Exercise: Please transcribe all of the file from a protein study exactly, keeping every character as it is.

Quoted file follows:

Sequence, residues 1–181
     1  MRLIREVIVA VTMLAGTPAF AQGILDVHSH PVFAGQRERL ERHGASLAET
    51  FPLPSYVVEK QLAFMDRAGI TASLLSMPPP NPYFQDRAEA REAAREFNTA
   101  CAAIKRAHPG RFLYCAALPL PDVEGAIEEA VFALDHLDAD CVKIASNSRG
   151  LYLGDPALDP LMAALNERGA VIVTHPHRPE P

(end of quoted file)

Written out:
Sequence, residues 1–181
     1  MRLIREVIVA VTMLAGTPAF AQGILDVHSH PVFAGQRERL ERHGASLAET
    51  FPLPSYVVEK QLAFMDRAGI TASLLSMPPP NPYFQDRAEA REAAREFNTA
   101  CAAIKRAHPG RFLYCAALPL PDVEGAIEEA VFALDHLDAD CVKIASNSRG
   151  LYLGDPALDP LMAALNERGA VIVTHPHRPE P